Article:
KJCG’s definition of inclusion is: A sense of belonging. A feeling of being respected, valued and seen for who we are as individuals; there is a level of supportive energy and commitment from leaders, colleagues and others so that we — individually and collectively — can do our best work. Organizations that embark on specific efforts to build inclusive workplaces that embody the above definition often struggle to keep people engaged during the delay between the initial “talk” of the Inclusion Effort and when new inclusive culture, mindsets and behaviors begin to reach people in their day to day lives. Since the transformation of an organization cannot happen over night, demonstrating even the smallest inclusive behaviors on a daily basis can make all the difference.
For many people in an organization engaged in an Inclusion Effort, Inclusion may seem like an abstract term that holds little or no meaning. “What does it look like?” or “How do we measure it?” are questions that are commonly asked. However, the answer is simple “you know inclusion when you experience it!” This is why small actions make a big difference. By taking even the smallest inclusive actions, organizational leaders model the necessary behaviors that become a part of the competencies needed to create a culture of inclusion
Some of the small actions that can make a big difference are addressed in our 11 Inclusive Behaviors, such as greeting people authentically and saying “hello” and speaking up when people are being excluded. But what does this look on a day-in and day-out basis? Recently, we surveyed the Core Inclusion Partners (a cross-organizational group of people who have participated in in-depth education regarding inclusion concepts and assisted in building a peer-to-peer network for communicating these concepts throughout the company) in a current client about what they were seeing with respect to any new behaviors leaders and managers were demonstrating that could be attributed to the organization’s Inclusion Effort. Some of the responses were great examples of the small actions that managers and senior leaders in any organization can do every day to make inclusion more and more of a reality as the organization shifts its culture and mindsets to inclusion as a way of life.
1) Including Hellos at every meeting – One of the most powerful actions that leaders and managers began to implement was consciously beginning all meetings with simple hellos. This enabled everyone in the meeting to greet others–and to set the stage for more inclusive conversations and interactions in meetings. Saying hello lets people know that they are seen, and feeling seen is a first step to feeling included.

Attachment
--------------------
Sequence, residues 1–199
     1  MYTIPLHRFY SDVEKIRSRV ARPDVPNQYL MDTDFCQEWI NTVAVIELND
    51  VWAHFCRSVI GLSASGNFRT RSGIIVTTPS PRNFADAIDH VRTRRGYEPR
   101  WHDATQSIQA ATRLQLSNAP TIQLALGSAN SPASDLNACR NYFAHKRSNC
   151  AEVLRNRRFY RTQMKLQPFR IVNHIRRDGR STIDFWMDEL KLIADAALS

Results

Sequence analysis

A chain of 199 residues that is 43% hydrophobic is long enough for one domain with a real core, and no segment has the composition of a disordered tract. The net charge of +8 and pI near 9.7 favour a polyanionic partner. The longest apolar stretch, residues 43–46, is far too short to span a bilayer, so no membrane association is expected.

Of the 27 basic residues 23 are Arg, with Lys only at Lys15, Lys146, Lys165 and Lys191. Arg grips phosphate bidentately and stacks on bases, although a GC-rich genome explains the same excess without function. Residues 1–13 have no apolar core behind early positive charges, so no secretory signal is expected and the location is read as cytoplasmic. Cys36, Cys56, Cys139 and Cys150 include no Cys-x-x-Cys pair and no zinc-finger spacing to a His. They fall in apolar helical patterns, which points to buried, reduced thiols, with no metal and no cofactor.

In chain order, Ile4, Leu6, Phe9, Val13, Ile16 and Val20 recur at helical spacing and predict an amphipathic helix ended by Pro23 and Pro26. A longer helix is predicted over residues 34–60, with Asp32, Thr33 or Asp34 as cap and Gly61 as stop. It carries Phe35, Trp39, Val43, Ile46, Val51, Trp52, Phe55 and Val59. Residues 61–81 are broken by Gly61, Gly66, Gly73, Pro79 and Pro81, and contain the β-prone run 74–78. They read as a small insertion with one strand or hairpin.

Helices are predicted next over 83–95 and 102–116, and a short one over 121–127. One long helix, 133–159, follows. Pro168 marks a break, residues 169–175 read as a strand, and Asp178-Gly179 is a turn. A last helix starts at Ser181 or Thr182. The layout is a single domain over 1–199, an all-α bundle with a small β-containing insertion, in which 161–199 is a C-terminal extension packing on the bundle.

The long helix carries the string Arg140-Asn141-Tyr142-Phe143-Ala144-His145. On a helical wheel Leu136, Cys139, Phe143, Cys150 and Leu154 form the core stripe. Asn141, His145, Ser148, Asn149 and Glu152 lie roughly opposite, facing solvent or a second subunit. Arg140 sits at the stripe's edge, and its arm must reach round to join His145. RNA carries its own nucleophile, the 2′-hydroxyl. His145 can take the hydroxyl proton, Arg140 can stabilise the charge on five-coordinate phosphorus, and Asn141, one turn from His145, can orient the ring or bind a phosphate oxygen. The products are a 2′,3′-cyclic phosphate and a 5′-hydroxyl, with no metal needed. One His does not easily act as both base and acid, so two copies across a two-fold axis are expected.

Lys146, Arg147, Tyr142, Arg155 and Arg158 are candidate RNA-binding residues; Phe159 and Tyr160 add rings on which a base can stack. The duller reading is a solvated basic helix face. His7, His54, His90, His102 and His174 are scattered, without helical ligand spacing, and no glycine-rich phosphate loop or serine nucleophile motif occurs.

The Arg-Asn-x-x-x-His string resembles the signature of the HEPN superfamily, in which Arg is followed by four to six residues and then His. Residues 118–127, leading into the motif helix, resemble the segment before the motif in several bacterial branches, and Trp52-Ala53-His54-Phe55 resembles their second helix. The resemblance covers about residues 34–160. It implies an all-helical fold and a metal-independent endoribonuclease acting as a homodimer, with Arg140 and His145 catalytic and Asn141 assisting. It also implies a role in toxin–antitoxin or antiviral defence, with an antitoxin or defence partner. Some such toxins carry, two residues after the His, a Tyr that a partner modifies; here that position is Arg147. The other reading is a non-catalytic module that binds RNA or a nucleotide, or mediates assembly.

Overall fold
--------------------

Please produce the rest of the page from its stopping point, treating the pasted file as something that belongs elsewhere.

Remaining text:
2) Senior Leaders schedule one-on-one meetings to get to know the members of their staff as individuals – Some of the leaders started scheduling one-on-one meetings with each member of their staffs to hear what was important to each person—their values, what they needed to do their best work—and to better understand each person’s frame of reference, At the same time it provided each person an opportunity to see the leader as a human being and more than a “title.”
3) Valuing people’s knowledge and abilities over rank and tenure – By genuinely knowing the people in their organization, leaders began utilizing a wider range of people for special projects, basing their actions and decisions more on people’s capabilities and knowledge rather than going to the same people over and over again, particularly people that are relied on primarily because of rank and tenure.
4) Leaders make themselves accessible to their people – In this particular organization, one leader blocked out time on her calendar once a week and communicated it to everyone to ensure that she would be in her office and accessible to her team. This is a far cry from a leader saying that she is available to her people, but never actually being in the office when someone knocks on the door.
5) Be open and receptive to new ideas and suggestions – Another individual described a leader who would always create obstacles that actually prevented projects from being completed. After an inclusion workshop, the leader became more receptive to suggestions and began calling this individual on a daily basis for updates and to offer assistance in completing the project.
The journey along the Path to an Inclusive Organization is one that may seem difficult to achieve, but demonstrating even seemingly small Inclusive behaviors on a daily basis, can make all the difference in ensuring that an organization continues to move toward this vision. Although Inclusion is the BIG idea, it cannot be achieved without the small actions. What are you doing today to demonstrate your commitment to creating an inclusive environment in your organization? What actions would you recommend to others to shorten the delay between the initial Inclusion Efforts and the realizations of a new culture and mindsets?